When most of us review our to-do list in the morning, we see two different categories on our calendars—the meetings and “the real work.” And that’s a shame. Because there are few things more valuable than bringing talented, motivated people together in one room. Here are some simple tips that can help you look forward to those meetings rather than dread them.
Have an agenda and stick to it. The worst meetings get that way because there is no agenda. Whether it’s a standing meeting used to provide updates on a project, or a meeting called for a specific purpose, plot out 3-5 key items to be discussed. Then send the agenda and relevant materials to attendees at least 24 hours in advance, so the conversation can start as soon as everyone takes a seat.
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Get the right people in the room. The goal of most meetings is to resolve some important questions, have a discussion and move toward a decision. (Simple information-sharing should be done via email.) Without the decision-makers in the room, there’s no point in meeting. If you know that one or two key players are particularly busy, approach them in person and let them know how much you value their input, then offer to work around their schedules.
Start on time. The next time you’re in a meeting, estimate the collective salaries of everyone in the room. A small meeting with only five employees earning $40,000 costs your organization $100 an hour; most meetings cost a lot more. Keep that in mind the next time you’re waiting for someone who’s chronically late, at the expense of everyone else in the room.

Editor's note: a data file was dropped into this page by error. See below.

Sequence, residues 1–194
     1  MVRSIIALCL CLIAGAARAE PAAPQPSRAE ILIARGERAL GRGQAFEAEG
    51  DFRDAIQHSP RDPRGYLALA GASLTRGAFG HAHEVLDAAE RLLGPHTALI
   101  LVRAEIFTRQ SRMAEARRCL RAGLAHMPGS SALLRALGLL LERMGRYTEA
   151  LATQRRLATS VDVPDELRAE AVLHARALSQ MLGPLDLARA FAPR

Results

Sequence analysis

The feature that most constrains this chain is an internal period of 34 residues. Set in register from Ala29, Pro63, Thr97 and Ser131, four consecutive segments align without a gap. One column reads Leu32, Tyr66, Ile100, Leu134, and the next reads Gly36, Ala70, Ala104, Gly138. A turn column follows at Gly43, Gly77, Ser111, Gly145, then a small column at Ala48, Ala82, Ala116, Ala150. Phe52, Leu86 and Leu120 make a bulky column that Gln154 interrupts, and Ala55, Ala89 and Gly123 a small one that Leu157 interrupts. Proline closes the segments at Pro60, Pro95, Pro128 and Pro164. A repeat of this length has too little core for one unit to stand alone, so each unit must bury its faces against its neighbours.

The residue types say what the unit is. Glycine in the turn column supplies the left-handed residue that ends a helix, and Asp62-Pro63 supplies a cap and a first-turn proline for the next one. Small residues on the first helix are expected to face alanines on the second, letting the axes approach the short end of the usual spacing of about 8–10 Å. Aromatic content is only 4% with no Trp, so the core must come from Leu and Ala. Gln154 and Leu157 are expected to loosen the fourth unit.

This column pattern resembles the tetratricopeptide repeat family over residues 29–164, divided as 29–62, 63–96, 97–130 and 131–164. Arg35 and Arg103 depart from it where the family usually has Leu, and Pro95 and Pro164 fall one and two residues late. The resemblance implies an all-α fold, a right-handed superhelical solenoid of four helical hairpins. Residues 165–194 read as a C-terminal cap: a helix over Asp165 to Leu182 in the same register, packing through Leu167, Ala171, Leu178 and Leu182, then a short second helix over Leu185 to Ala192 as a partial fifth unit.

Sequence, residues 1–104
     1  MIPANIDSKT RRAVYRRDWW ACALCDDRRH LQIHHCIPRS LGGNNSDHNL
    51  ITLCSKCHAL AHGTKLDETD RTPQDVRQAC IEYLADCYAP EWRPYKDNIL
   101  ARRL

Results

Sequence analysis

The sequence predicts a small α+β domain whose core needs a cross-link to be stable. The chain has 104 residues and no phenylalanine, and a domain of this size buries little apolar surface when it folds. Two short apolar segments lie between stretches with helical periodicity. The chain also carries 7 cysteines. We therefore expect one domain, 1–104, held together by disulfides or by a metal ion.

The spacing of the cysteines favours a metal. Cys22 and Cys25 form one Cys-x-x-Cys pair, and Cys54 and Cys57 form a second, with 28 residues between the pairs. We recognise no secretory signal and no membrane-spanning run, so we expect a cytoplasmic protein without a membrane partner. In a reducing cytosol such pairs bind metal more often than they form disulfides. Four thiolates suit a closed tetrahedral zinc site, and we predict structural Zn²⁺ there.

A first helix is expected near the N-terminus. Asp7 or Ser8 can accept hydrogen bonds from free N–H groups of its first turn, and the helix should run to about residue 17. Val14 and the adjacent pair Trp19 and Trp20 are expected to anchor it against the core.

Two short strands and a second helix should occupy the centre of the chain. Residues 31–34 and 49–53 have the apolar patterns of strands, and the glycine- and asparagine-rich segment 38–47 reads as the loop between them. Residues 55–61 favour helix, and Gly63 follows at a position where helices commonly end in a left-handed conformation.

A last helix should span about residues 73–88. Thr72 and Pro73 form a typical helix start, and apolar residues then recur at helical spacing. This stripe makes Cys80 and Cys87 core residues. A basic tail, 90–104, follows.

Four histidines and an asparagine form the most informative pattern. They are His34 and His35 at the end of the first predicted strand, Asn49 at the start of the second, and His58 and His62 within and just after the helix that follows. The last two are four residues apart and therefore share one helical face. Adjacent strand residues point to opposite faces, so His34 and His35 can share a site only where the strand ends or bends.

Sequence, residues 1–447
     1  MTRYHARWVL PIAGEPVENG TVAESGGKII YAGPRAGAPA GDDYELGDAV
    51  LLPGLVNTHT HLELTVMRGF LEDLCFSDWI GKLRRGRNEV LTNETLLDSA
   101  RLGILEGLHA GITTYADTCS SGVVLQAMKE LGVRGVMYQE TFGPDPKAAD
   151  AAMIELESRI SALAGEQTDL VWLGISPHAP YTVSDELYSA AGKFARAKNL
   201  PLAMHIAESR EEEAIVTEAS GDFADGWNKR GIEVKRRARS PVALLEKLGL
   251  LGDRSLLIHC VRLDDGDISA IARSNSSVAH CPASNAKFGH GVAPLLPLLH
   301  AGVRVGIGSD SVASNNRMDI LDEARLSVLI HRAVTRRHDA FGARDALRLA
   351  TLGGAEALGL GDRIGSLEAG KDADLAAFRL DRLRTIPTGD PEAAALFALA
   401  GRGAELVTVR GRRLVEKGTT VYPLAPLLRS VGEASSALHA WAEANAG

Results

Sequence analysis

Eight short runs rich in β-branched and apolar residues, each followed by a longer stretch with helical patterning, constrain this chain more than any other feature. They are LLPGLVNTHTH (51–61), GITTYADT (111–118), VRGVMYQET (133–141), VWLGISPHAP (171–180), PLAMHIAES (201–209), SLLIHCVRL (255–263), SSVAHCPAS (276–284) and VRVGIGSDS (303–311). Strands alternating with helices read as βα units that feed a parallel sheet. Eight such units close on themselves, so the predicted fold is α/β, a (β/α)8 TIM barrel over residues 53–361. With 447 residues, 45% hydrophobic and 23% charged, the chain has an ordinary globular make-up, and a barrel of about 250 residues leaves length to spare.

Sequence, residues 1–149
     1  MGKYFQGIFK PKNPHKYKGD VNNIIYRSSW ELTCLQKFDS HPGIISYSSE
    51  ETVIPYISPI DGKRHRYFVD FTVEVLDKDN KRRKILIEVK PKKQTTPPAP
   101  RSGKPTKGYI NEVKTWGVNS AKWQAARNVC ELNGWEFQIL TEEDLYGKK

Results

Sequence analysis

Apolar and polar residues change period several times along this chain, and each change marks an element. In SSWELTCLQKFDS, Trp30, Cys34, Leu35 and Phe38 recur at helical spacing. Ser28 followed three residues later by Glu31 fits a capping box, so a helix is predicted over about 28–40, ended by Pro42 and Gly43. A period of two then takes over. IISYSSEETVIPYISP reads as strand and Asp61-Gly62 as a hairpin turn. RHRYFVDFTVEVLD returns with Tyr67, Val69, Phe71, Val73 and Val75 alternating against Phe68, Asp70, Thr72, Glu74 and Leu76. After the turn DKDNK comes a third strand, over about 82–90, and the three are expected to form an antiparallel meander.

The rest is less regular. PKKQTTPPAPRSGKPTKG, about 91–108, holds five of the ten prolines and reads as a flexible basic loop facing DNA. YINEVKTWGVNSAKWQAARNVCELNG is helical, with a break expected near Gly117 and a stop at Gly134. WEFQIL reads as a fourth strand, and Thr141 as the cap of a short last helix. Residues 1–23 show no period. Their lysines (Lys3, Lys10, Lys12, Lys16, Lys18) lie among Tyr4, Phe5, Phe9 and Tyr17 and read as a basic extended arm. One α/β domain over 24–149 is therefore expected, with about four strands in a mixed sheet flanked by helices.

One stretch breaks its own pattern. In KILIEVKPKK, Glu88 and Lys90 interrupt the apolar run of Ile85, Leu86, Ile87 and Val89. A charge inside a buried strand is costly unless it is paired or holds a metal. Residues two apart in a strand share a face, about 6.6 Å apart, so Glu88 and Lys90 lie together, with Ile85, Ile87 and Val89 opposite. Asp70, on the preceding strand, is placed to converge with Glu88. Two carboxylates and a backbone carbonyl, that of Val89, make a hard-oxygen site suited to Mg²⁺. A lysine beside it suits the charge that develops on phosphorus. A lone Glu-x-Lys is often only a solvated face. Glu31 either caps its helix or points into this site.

Keep it short. Too many meetings are scheduled for an hour, as if a 15-minute meeting doesn’t justify the walk to the conference room. Start scheduling shorter meetings, and see how much more quickly things move. Some Silicon Valley firms have even changed the meaning of the term “standing meeting” by removing all the chairs from their conference rooms—a move that makes those rambling monologues a lot less frequent. Worried you’ve got too much to cover? Schedule a series of shorter meetings at key intervals.
Stay on track. If the conversation starts to veer from the key points, step in and gently remind people of the next point on the agenda. Worried about interrupting someone above your pay grade? Phrase it as a question: “Do we have time to discuss this here, given the other items we still need to cover?” If a particularly sticky item requires further discussion, suggest that two or three people meet separately to iron out the details, then report their conclusions to the group later.
Plot out next steps. Close the meeting with action items. Wrap up by summarizing the to-do’s, then identify a person for each task, a deadline, and a time to reconvene. Afterwards, send around a quick email re-stating those expectations for those who missed the meeting, so there’s no confusion about who promised what.
Even if you’re not the organizer of a particular meeting, don’t let that dissuade you from requesting the agenda, reminding people to stay on task, or asking about next steps. Most meeting organizers should appreciate the nudge, and everyone in the room will appreciate the results.
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